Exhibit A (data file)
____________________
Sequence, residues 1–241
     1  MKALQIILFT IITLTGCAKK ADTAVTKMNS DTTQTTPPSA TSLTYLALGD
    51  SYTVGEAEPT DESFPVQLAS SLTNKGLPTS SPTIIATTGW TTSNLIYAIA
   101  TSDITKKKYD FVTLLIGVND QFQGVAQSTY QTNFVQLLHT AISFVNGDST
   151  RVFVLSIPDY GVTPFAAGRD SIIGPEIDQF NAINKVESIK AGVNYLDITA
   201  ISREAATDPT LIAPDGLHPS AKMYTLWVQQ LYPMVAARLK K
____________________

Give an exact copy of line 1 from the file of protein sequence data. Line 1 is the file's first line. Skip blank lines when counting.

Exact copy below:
Sequence, residues 1–241